• One appealing objector challenged the approval of the settlement on standing grounds. But the court had “no hesitation in holding that” the plaintiffs suffered an injury in fact because of the large amount “of sensitive data stolen” in the Equifax breach and the “damage that can be done with th[e] type of data” that was stolen. The court noted that the plaintiffs’ injuries were redressable via the settlement because, though the settlement would not prevent any identity theft the plaintiffs might suffer, it would help mitigate that identity theft should it occur.
  • Several objectors challenged various procedures that the district court used to manage the settlement approval process, including (1) its requirement that objectors provide certain information and potentially sit for depositions, (2) its order that objectors post appeal bonds before their appeals could proceed, and (3) its direction to plaintiffs’ counsel to prepare a proposed order approving of the settlement.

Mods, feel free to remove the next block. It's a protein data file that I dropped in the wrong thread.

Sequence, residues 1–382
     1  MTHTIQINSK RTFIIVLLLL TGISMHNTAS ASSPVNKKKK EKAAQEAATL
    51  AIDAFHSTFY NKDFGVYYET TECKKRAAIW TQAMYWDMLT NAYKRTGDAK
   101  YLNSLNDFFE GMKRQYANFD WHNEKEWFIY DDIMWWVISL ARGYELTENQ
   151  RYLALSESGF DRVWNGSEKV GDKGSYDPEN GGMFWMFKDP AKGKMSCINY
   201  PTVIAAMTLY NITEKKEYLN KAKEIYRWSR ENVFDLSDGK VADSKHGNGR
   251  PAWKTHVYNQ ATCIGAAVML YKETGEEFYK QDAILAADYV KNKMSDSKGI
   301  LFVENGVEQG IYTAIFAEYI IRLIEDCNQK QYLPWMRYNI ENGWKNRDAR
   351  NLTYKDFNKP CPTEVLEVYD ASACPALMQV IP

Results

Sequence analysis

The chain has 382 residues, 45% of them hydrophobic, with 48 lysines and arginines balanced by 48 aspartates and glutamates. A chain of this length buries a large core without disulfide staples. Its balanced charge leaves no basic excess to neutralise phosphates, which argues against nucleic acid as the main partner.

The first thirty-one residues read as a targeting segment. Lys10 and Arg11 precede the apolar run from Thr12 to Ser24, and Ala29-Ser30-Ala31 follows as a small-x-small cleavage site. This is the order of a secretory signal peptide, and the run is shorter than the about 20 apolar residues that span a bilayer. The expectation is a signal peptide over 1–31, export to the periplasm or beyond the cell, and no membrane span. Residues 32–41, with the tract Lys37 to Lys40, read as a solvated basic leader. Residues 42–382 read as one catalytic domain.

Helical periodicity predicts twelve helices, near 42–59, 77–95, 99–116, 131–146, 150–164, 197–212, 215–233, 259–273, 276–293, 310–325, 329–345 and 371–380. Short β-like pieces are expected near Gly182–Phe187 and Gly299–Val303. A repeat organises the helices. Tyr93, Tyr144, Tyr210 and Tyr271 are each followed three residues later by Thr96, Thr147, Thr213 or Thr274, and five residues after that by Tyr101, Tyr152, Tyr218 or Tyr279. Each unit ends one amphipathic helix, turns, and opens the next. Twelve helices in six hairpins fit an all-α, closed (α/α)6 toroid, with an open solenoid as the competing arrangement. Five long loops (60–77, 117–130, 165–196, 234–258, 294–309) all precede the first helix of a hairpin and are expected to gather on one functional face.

• On the discovery issue, the Eleventh Circuit emphasized that Rule 23 gives the district courts “broad discretion to manage class actions” and highlighted the district court’s desire to “expose objections that are lawyer-driven and filed with ulterior motives”; the Eleventh Circuit found no error in the district court’s actions.
    • On the bond issue, the court focused on the district court’s compliance with the plain language of Federal Rule of Appellate Procedure 7.
    • In discussing the issue concerning the preparation of a proposed order, the court “sharply critiqued the practice of having the prevailing party author court orders” and admonished the Northern District of Georgia for having a local rule that calls for such a practice. But it ultimately found that “the process by which the District Court adopted the proposed order was not fundamentally unfair” and accordingly declined to overturn the approval of the settlement on this basis.